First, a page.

Spectrum CEO named to Husqvarna board
David R. Lumley, president and CEO of Spectrum Brands Holdings, has been elected to a one-year term on the nine-member board of directors of Husqvarna, the outdoor power products supplier.
Lumley, 59, has served as president and CEO of Spectrum Brands, a global and diversified consumer products company, since April 2010 and as a director since June 2010. He previously served as co-chief operating officer from January 2007 to April 2010. He was appointed president of the global batteries and personal care businesses in January 2007, and in October 2008 his responsibilities were expanded to include the home and garden business. Prior to that time, he was President, North America since joining Spectrum Brands in January 2006.
Lumley joined Spectrum Brands from Newell Rubbermaid where he had served as president, Rubbermaid Home Products North America since January 2004.
Lumley has previously served on the board of directors of Outboard Marine Corporation, EAS, Inc., Naked Juice Company, and Botanic Oil Innovations, Inc. He earned a bachelor’s degree in communications and marketing from Western Illinois University, a master’s degree in journalism from the Medill School of Journalism at Northwestern University, and an MBA from the Kellogg School of Management at Northwestern University.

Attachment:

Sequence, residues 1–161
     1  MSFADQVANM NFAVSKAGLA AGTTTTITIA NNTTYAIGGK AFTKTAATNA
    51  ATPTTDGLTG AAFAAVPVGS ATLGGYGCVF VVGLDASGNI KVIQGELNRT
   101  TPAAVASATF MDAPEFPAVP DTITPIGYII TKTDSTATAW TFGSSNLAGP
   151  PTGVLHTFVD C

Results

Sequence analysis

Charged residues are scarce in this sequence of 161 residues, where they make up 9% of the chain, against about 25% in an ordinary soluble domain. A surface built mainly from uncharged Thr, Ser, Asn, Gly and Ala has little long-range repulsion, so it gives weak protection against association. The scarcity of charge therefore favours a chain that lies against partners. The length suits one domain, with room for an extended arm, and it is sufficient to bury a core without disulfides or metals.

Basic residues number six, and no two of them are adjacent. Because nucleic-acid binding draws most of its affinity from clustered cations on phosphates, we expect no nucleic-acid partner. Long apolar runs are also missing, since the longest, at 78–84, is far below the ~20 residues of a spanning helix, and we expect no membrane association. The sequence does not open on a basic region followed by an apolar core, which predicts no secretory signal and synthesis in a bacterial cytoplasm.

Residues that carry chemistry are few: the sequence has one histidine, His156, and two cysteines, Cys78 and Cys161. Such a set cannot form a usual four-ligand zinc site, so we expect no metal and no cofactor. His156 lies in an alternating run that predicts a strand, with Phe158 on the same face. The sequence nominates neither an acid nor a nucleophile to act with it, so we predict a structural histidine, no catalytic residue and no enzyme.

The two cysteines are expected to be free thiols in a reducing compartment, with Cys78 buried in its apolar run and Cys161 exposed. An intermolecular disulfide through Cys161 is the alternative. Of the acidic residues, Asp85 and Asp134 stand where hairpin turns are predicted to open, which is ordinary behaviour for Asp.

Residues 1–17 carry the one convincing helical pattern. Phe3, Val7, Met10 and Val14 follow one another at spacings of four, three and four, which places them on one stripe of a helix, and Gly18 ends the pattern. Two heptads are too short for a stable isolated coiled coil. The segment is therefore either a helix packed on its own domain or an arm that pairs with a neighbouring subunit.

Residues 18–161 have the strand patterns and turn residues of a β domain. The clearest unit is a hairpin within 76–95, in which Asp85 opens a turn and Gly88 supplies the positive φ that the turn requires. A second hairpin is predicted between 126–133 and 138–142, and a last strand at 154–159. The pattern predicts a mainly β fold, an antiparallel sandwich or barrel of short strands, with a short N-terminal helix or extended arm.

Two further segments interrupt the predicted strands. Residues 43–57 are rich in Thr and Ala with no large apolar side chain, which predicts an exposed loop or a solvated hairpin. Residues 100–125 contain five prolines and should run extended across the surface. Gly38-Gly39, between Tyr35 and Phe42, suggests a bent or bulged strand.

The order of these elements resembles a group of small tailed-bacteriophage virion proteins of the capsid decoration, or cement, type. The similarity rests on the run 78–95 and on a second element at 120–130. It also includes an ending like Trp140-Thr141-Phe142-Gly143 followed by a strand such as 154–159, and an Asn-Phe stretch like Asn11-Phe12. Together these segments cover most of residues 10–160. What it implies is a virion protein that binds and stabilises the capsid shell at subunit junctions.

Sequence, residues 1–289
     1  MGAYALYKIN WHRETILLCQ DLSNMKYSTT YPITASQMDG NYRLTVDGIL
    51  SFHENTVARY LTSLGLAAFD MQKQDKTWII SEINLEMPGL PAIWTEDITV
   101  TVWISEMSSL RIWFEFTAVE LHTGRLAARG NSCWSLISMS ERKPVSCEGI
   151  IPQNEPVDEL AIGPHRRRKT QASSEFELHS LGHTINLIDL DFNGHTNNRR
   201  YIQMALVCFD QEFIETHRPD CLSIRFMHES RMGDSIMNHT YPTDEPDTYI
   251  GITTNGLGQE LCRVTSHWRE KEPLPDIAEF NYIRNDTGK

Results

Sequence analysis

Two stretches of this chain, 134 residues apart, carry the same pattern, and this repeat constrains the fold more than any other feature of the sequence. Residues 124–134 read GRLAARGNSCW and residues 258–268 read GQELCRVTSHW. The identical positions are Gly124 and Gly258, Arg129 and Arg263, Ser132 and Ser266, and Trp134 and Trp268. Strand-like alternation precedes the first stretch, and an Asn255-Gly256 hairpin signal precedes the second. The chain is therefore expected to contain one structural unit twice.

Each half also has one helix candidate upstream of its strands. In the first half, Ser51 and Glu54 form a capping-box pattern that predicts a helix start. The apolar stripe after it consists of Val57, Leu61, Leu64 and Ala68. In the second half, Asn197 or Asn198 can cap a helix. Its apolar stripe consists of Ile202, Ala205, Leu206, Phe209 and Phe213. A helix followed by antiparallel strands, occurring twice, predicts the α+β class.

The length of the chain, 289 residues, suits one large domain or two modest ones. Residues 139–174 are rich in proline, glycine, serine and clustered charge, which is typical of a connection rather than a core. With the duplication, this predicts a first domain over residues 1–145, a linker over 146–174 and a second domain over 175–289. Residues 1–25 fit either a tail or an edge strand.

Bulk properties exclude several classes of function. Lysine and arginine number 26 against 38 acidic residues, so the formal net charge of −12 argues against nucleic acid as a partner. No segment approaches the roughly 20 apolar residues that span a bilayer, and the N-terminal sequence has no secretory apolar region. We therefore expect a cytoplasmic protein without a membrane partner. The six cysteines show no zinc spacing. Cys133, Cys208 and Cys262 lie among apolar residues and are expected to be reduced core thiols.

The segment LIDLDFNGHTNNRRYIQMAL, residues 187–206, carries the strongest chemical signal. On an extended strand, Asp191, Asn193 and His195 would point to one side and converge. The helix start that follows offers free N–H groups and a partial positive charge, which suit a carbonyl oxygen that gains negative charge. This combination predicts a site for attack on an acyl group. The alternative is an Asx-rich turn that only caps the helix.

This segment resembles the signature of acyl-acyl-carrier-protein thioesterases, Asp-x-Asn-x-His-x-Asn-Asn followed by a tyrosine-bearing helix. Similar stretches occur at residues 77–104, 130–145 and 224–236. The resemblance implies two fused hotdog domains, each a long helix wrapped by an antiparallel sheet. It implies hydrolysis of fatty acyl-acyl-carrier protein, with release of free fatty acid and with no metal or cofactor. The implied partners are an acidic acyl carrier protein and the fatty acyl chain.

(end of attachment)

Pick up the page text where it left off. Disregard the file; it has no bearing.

Mystery men of research: contractors
The home improvement marketing industry may think it knows contractors. And opinions differ on the best ways to study their purchasing habits.
But one thing is clear according to a presentation here at the Home Improvement Research Institute Spring Conference: contractors are a difficult group to research.
Mark Delaney, VP of Client Service for Media, Pa.-based SSRS, listed the challenges faced by researchers reaching out to contractors, who account for about 30% of sales at big box retailers.
“Contractors by their very nature are not tethered to an office,” said Delaney, in a presentation titled “Knowing Your Market: Options for Representative Research.”
It’s not only the nature of their office (a pickup truck) and their jobsite demands. Delaney also pointed to the language barrier. The U.S. Department of Labor projects Spanish-speaking contractors will outnumber English-speaking contractors by the year 2025. And not only that, it’s not enough to simply describe a purchaser as “Hispanic.”
“Consider that terming your audience as Hispanic is akin to talking about the home improvement industry as one industry,” he said. Major differences exist between Puerto Rico, Mexico and Cuba – just as they exist in tools, flooring and outdoor power equipment.
“A well-crafted, data-driven strategy is the first step in reaching the Hispanic marketplace,” he said.
The HIRI conference, "Paths to Knowing Home Improvement, "included several research-oriented presentations. For more, visit HIRI.org.